## Theorem (Karush–Kuhn–Tucker Necessary Conditions)

Let X be a nonempty open set in Rn , and let f : Rn → R,
gi : Rn → R for i = 1, . . . , m, hi : Rn → R for i = 1, . . . , `. Consider
the problem defined in (13). Let x̄ be a feasible solution, and let
I = {i : gi (x̄ ) = 0}. Suppose that f and gi for i ∈ I are differentiable
at x̄, that each gi for i < I is continuous at x̄, and that each hi for
i = 1, . . . , ` is continuously differentiable at x̄. Furthermore,
suppose that ∇gi (x̄ ) for i ∈ I and ∇hi (x̄ ) for i = 1, . . . , ` are linearly
independent. If x̄ is a local optimal solution, then there exist unique
scalars ui for i ∈ I, and vi for i = 1, . . . , `, such that

X X̀
∇f (x̄ ) + ui ∇gi (x̄ ) + vi ∇hi (x̄ ) = 0,
i ∈I i =1
(20)
ui ≥ 0 for i ∈ I.

## Centre for Complex Dynamic

Systems and Control
Karush–Kuhn–Tucker Necessary Conditions

## Theorem (KKT Necessary Conditions, continued)

Furthermore, if gi , i < I are also differentiable at x̄, then the above
conditions can be written as
X
m X̀
∇f (x̄ ) + ui ∇gi (x̄ ) + vi ∇hi (x̄ ) = 0,
i =1 i =1
(21)
ui gi (x̄ ) = 0 for i = 1, . . . , m,
ui ≥ 0 for i = 1, . . . , m.

## Centre for Complex Dynamic

Systems and Control
Karush–Kuhn–Tucker Necessary Conditions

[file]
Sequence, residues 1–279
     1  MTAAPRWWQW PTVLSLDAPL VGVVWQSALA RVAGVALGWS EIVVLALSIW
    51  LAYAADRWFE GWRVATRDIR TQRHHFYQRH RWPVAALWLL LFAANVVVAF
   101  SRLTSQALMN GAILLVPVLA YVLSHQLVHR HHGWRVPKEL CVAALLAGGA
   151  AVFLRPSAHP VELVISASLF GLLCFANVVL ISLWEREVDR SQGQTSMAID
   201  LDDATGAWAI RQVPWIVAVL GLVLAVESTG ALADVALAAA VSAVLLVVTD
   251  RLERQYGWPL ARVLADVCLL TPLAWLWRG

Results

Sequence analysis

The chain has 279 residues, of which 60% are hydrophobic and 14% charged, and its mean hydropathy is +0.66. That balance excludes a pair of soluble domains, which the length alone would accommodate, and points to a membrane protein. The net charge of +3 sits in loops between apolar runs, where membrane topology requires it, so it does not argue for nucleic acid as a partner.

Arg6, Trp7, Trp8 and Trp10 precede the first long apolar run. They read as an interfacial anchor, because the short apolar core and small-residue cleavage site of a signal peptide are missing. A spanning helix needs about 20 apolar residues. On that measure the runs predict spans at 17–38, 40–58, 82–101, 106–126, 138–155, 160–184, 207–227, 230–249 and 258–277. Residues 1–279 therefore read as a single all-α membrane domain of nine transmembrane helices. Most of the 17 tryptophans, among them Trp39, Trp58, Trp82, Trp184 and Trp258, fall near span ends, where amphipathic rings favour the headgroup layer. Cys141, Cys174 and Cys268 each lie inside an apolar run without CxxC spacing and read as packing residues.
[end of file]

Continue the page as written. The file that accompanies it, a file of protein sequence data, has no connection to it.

Proof.
We have, from the FJ conditions, that there exist scalars û0 and ûi ,
i ∈ I, and v̂i , i = 1, . . . , `, not all zero, such that

X X̀
û0 ∇f (x̄ ) + ûi ∇gi (x̄ ) + v̂i ∇hi (x̄ ) = 0,
i ∈I i =1
(22)
û0 , ûi ≥ 0 for i ∈ I.

## Note that the assumption of linear independence of ∇g i (x̄ ) for i ∈ I

and ∇hi (x̄ ) for i = 1, . . . , `, together with (22) and the fact that at
least one of the multipliers is nonzero, implies that û0 > 0.

## Then, letting ui = ûi /û0 for i ∈ I, and vi = v̂i /û0 for i = 1, . . . , ` we

obtain conditions (20).

## Furthermore, the linear independence assumption implies the

uniqueness of these Lagrange multipliers. 
Centre for Complex Dynamic
Systems and Control
Karush–Kuhn–Tucker Necessary Conditions

## As in the FJ conditions, the scalars ui and vi are called the

Lagrange multipliers.

## The condition that x̄ be feasible for the optimisation problem (13) is

called the primal feasibility [PF] condition.